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Google Threatens Censorship of Content Questioning Ukraine’s Propaganda

'I do not remember applying the same policy as you do with Ukraine now when US invaded Syria, Libya, Afghanistan, Iraq... '

(Joshua Paladino, Headline USA) On April 13, Google announced a new censorship and demonetization policy related to the Russo-Ukrainian War, warning users that the company will not tolerate content that “exploits, dismisses, or condones the war.”

The pause on monetization will affect content with “claims that imply victims are responsible for their own tragedy or similar instances of victim blaming, such as claims that Ukraine is committing genocide or deliberately attacking its own citizens,” Google AdSense stated.

Google said that the new policy clarifies but also expands the company’s existing policies about “Dangerous or Derogatory content.”

The policy may mean that applications, like Twitter and Facebook, will have to update their own guidelines so that Google does not remove them from the App Store.

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Twitter, for example, banned the account Russians with Attitude, which posts pro-Russian perspectives on the war. But the social media platform reinstated the account and apologized for the “inconvenience” and “error.”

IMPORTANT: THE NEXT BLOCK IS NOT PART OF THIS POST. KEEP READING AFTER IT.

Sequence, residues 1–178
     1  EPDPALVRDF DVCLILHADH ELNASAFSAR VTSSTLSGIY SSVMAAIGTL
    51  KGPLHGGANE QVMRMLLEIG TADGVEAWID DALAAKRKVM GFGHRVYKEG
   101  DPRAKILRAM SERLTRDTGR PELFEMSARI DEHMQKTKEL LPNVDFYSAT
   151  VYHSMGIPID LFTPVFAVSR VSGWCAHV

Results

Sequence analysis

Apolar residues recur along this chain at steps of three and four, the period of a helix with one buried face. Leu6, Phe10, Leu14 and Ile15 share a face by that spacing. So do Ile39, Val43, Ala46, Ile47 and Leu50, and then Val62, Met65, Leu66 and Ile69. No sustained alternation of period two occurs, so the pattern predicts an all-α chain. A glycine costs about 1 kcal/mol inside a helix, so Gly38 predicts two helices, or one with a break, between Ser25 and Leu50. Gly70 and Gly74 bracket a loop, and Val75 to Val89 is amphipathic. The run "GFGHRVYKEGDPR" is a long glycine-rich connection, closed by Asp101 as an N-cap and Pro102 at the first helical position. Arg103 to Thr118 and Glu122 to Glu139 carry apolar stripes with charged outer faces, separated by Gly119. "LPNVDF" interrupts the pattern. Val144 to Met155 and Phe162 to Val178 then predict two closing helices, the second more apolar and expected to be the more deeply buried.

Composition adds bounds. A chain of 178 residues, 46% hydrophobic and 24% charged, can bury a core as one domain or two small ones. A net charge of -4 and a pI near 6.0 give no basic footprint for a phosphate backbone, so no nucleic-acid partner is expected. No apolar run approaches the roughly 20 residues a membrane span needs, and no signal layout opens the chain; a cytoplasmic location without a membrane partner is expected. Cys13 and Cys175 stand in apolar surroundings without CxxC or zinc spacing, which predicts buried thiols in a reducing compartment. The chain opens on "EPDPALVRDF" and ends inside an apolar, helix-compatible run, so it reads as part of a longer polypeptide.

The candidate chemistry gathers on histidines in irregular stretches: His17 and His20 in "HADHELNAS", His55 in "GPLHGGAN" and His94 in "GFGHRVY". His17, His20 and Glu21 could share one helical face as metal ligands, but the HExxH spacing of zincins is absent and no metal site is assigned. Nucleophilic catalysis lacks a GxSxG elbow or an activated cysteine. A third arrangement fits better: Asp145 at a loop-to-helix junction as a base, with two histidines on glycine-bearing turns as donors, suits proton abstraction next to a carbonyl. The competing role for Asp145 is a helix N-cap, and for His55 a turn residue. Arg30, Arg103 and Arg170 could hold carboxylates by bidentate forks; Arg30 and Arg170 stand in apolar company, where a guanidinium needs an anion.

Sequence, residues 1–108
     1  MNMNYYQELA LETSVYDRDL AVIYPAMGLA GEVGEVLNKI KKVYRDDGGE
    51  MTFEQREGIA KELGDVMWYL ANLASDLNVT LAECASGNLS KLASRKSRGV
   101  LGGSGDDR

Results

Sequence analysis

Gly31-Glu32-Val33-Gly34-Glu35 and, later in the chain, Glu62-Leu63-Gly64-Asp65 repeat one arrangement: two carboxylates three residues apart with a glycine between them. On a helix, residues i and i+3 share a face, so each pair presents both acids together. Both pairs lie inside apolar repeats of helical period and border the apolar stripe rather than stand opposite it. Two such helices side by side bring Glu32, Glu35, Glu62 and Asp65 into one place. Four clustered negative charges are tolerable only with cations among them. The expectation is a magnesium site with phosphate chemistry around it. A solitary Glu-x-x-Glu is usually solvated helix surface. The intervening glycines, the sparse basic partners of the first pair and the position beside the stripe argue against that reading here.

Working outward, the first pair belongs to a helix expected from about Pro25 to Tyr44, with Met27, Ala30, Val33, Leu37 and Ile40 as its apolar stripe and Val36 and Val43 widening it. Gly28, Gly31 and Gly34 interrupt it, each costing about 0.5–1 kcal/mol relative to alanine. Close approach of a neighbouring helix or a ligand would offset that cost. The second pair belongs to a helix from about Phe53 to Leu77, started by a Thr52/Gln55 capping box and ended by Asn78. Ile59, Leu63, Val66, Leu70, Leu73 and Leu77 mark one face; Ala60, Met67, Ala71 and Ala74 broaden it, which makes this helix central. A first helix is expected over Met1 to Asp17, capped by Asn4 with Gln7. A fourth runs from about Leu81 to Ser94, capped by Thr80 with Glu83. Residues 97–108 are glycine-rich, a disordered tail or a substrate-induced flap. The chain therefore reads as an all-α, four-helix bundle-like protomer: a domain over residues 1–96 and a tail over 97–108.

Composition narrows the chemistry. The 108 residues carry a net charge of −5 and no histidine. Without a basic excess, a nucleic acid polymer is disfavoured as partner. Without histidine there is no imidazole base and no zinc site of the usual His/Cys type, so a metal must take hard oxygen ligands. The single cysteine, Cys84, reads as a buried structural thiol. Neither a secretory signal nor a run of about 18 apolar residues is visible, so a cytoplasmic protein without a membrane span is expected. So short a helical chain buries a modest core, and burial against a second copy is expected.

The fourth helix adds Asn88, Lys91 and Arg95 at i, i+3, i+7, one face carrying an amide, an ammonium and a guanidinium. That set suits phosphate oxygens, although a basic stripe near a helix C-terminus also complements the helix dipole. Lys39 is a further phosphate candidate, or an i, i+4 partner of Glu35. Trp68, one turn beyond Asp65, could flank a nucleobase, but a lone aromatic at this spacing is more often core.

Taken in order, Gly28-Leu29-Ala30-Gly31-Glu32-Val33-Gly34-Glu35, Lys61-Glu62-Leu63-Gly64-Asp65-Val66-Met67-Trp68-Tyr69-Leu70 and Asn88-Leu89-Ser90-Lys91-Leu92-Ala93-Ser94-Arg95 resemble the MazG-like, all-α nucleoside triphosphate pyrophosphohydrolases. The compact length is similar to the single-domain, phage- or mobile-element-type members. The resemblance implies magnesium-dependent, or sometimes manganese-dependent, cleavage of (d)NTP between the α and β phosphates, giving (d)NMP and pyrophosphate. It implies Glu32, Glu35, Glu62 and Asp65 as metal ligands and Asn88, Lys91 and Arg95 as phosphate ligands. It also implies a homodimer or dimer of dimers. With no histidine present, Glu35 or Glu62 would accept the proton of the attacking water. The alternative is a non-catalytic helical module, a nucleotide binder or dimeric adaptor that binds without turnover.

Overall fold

Under Google’s new rules, however, Twitter may need to ban accounts like RWA because it consistently posts information claiming that Ukraine has committed war crimes by attacking its own citizens, placing military bases and equipment in schools and hospitals, and spreading propaganda about Russian war crimes.

One recent post claims that the Armed Forces of Ukraine shot rockets into civilian territory in Russia, an act of terror. The account is linked, so the post cannot be embedded or retweeted.

Google’s new policy seems to condone one-sided propaganda: pro-Ukrainian information and propaganda can earn ad revenue, but pro-Russian information and propaganda cannot.

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Google likewise will not tolerate content claiming that Russia has a just reason to pursue the war or that Ukraine has terrorized the Russian-speaking majority in the Donetsk People’s Republic and the Luhansk People’s Republic.

Under the guidelines, pro-Ukrainian posts may continue to call the DPR and LPR terrorist organizations.

One post on Google’s AdSense showed the absurdity of banning one side’s views during a war.

“Do not forget to ban monetization on websites abusing, denying or excus[ing] [the] next US military invasion!!,” a commenter wrote. “I do not remember applying the same policy as you do with Ukraine now when US invaded Syria, Libya, Afghanistan, Iraq.”

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